9. John Walker Says:

    I have worked as a soldier all my life, but have an interest in IT and have been browsing the web (which is how I came across your site) in the hope of finding good advice about future trends in the IT world and related career advice. At this point in time it all looks a little daunting to me, not that I am past my prime or unable to retrain and begin a new career. I believe that if you have the desire, ultimately you will succeed, but it certainly seems to be a crowded market place, and with no formal educational qualifications (no university or college) could anybody suggest good online training and perhaps a direction that looks promising for the future? Aany advice would be most welcome at S3Iraq@yahoo.com … oh Harry, at the risk of being a tad pedantic… as a Computer Science Major now working on an MBA and CFA, very impressive goals I must say… you might want to learn how to speall ‘cited’, you wouldnt want to embarrass yourself in front of all those financial high flyers…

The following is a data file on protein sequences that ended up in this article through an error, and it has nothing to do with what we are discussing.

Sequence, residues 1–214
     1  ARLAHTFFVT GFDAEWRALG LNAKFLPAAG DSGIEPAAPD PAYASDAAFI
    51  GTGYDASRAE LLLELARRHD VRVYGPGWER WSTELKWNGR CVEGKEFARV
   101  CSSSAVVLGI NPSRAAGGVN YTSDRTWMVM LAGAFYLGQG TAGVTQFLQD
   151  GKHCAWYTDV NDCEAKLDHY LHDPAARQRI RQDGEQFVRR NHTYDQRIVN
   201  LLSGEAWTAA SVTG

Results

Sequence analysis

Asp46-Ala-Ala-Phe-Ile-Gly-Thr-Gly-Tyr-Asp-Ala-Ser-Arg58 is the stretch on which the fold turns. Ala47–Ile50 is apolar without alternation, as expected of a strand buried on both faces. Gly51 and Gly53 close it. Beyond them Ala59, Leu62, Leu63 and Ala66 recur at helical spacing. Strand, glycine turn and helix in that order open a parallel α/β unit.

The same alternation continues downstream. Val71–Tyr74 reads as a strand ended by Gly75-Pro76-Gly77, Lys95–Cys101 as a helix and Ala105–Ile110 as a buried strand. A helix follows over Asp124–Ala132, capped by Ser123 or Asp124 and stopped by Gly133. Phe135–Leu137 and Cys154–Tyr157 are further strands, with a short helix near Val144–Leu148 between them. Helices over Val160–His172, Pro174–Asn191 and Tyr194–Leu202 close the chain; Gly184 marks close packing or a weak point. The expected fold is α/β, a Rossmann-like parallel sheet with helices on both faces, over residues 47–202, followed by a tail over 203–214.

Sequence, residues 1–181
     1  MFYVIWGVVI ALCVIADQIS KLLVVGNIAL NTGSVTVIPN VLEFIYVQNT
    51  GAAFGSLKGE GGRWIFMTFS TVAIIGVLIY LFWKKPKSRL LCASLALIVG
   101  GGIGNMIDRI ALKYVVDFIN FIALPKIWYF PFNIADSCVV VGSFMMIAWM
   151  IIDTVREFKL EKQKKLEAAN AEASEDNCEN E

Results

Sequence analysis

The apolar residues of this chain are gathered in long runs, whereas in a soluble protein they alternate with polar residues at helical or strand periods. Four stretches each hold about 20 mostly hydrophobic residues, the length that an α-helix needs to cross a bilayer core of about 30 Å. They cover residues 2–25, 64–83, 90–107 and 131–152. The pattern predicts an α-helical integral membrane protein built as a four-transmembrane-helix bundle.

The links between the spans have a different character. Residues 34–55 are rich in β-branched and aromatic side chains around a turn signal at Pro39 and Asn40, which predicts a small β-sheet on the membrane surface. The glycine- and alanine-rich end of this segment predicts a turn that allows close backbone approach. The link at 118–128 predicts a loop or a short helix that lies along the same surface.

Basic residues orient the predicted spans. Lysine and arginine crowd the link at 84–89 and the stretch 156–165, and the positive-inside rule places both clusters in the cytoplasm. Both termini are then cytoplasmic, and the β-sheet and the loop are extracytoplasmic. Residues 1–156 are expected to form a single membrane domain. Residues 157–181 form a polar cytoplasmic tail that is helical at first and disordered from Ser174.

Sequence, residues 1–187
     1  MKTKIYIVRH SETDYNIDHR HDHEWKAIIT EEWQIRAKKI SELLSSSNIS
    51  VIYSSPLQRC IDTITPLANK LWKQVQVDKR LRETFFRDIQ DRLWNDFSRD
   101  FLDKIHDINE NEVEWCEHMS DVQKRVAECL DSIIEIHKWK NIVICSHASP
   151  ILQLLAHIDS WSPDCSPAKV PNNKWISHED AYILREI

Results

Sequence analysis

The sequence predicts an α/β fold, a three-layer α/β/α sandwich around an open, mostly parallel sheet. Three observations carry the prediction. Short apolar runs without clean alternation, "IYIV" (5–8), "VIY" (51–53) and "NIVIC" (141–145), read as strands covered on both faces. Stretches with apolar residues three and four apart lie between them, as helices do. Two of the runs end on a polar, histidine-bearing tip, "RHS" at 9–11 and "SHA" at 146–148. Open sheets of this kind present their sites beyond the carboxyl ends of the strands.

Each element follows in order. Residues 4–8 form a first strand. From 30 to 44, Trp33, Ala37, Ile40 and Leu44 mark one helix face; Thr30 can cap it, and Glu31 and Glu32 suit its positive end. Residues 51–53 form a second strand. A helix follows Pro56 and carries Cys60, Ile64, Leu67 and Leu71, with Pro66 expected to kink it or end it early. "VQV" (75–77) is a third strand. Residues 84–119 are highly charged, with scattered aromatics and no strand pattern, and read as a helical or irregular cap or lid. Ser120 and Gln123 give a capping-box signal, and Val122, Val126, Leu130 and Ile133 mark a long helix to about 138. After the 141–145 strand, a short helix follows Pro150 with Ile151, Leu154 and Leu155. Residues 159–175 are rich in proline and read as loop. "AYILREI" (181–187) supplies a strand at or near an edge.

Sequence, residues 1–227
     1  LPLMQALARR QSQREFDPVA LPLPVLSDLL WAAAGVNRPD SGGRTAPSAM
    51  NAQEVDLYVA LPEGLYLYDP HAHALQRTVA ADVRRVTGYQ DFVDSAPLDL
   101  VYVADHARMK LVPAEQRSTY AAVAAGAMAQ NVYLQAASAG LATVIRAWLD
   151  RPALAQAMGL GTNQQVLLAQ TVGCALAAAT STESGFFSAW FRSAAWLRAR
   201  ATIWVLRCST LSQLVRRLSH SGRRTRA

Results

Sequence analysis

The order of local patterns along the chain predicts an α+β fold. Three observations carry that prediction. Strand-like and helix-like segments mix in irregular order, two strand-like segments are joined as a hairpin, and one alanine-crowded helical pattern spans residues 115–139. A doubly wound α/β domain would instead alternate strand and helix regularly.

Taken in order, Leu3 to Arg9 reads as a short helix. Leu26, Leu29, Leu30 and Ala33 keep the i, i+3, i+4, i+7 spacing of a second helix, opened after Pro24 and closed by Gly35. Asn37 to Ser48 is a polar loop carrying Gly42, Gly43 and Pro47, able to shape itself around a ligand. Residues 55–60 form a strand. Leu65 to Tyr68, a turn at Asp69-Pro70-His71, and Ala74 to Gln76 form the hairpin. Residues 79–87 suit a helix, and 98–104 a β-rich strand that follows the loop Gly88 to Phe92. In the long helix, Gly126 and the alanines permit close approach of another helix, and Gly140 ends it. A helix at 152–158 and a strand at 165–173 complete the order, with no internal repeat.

Kind Regards,

    J. Walker

  10. Quora Says:

    What advice would you give a computer science student that you wish you had known when you started computer science?…

    Spend a summer as a camp counselor. And not a computer camp. For many computer scientists, software is the easy part – interpersonal and communication skills are the challenge – but those are critical to success. I wrote an article on this back in 2004…

  11. Decision making, Q&A and further questions in CS major « rqiu Says:

    [...] Dan Appleman’s blog(http://danappleman.com/2004/08/17/advice-for-future-computer-science-majors/), he gave some great advices for people majoring in computer [...]